Blixa Bargeld announced that there would first be one hour-long set of their greatest hits, and then another hour-long set of, err, their greatest hits. It was, after all, the 25th anniversary tour. They kicked it off with Yü-Gung (Fütter Mein Ego), from the album 1/2 Mensch and one of my absolute favourites, and I was in heaven. An industrial, avant-garde, dada, noise heaven.

The Neubauten was as always one mean machine, grinding and hammering out Haus der Lüge, Perpetuum Mobile, the truly beautiful Sabrina, Selbstporträt mit Kater and Sehnsucht. I, who discovered Neubauten at 15, was finally treated to Z.N.S. live, they got everyone to sing along to Was Ist Ist (several hundred people screaming "Was ist ist/Was nicht ist ist möglich!"), and ended the second set with the song meant to round off all concerts ever; Ende Neu.

Oh my fucking gods it was great.

Blixa seems to become more talkative every year - this time around he told the Kango hammer anecdote ("Andrew did some architectural criticism with power tools"), bantered a lot with Alexander Hacke and told the story about the film they wrote Sabrina for and how it turned out that the song wasn't used for it's original purpose (including a wonderful Blixa-comment on "a boy losing his virginity for the first time").

I'm fairly easy to please when it comes to Neubauten. Still, I've seen heroes of mine live before and become truly disappointed (a big fat fuck you to Lou 'I don't wanna be here but I'll do a bit of guitar wanking if you insist' Reed). The reason this isn't the best gig of theirs is probably that the audience wasn't all that responsive, dampening down the band the tiniest bit. It was still impressive, as concerts go.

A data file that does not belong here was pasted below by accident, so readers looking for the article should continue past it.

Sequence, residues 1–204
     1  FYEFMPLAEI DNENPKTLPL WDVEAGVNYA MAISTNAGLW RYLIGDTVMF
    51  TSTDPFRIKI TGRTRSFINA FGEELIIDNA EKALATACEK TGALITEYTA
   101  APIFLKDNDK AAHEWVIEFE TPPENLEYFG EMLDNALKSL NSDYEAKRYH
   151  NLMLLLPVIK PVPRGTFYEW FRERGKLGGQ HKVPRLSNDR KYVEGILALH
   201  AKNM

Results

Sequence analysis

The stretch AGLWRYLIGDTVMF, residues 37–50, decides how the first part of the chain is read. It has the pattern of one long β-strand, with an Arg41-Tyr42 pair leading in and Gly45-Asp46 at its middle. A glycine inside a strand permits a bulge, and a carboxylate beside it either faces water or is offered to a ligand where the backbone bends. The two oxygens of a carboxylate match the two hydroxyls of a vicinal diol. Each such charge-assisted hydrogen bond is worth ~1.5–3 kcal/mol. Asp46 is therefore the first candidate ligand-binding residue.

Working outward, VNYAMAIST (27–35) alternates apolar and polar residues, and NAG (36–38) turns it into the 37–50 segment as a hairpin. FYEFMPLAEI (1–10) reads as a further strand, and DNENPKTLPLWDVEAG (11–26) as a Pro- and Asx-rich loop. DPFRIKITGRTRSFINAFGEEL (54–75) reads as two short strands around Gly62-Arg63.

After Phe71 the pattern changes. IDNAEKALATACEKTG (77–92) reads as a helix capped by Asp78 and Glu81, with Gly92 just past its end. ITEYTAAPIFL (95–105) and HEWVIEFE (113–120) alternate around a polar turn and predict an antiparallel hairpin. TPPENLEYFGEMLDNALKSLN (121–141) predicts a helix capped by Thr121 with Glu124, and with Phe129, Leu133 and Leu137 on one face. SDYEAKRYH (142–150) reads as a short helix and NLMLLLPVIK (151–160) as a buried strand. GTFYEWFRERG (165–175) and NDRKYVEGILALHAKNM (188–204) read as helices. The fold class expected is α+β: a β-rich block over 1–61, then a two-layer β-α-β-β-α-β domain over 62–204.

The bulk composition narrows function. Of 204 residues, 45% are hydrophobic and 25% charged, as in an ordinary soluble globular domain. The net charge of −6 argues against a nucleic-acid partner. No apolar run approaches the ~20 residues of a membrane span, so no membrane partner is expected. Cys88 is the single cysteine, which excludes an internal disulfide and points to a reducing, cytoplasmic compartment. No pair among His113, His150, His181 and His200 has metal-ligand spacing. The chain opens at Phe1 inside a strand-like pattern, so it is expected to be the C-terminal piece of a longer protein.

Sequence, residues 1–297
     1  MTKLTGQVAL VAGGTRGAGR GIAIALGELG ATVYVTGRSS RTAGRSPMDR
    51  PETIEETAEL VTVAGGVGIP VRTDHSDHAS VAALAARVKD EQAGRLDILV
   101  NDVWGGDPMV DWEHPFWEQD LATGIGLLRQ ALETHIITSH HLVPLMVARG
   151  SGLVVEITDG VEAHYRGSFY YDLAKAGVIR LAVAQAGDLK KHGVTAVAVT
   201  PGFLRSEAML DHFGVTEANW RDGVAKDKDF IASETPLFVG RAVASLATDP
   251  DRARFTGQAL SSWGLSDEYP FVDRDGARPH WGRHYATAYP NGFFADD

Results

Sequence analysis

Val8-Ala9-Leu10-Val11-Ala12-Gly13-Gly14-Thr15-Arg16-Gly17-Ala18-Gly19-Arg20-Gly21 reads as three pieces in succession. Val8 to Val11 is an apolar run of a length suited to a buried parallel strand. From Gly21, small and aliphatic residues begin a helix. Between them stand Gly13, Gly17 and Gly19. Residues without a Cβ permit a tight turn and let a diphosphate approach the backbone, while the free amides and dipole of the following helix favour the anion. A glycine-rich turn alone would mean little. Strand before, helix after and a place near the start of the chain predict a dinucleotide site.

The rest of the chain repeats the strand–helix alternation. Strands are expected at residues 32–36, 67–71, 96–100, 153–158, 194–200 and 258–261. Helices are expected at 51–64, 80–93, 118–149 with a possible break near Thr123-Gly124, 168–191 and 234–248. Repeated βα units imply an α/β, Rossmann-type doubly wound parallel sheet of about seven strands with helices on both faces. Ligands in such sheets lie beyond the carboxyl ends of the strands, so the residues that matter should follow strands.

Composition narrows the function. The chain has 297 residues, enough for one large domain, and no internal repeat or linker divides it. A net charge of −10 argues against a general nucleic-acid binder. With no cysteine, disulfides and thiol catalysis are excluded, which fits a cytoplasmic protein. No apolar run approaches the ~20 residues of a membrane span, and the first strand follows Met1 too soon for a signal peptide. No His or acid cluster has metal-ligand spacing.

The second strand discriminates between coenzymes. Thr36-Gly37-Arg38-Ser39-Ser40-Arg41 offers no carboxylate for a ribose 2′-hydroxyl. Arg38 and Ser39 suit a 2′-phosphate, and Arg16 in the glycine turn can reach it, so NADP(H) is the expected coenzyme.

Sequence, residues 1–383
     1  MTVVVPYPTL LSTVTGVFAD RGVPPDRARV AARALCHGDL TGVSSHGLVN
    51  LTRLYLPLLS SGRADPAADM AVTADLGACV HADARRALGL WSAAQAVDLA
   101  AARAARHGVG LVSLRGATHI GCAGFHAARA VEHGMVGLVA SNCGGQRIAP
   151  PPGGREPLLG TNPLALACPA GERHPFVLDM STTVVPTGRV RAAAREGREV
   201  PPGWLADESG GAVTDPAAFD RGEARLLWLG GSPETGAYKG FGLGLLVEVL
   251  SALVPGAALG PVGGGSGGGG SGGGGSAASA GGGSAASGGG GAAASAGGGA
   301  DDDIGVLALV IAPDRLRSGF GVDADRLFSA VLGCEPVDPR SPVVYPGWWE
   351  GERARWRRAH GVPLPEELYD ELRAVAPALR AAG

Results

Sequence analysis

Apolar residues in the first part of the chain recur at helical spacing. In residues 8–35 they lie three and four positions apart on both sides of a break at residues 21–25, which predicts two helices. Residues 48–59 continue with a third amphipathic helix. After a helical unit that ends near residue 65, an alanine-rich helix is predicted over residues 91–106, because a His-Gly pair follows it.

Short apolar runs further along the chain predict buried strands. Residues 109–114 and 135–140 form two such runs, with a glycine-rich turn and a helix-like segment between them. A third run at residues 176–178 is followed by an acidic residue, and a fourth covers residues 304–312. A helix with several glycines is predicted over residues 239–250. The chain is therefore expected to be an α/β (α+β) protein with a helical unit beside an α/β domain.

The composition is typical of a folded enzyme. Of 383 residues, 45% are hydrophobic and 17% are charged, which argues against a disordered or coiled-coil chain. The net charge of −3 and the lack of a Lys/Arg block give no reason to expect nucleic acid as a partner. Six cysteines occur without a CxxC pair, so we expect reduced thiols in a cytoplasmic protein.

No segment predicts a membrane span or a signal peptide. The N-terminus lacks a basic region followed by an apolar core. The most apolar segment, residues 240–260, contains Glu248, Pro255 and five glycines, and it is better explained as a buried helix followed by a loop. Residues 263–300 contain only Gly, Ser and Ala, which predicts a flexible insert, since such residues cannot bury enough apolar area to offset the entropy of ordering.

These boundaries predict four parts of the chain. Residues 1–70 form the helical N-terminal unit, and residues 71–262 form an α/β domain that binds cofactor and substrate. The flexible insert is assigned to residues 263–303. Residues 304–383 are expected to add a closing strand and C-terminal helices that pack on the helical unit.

And, woo absofuckinglutely hoo, I got my hands on a copy of their anniversary celebration book, No Beauty Without Danger by Max Dax and Robert Defcon. Out of 500 copies made, I actually own one.


Andrew Unruh plays the shopping cart

Photographs by [livejournal.com profile] wasteman_r, a terrible but enthusiastic photographer who was in charge of the camera because I am too small. Being a recognised fan I could get a photo pass, but I didn't dare get one and then show up with a tiny Minolta thingy among the well-equipped photographers.

If you're curious enough and don't know Neubauten, visit their web site.
lectrix_lecti: (Default)
I should be submitting lengthy entries on my adventures in Copenhagen and in Rome and about the Neubauten gig and uploading photographs of Blixa Bargeld and of The Little Mermaid and of the bar by my hotel in Trastevere and all that but I'm to ill and tired and I must go to bed now good night

July 2009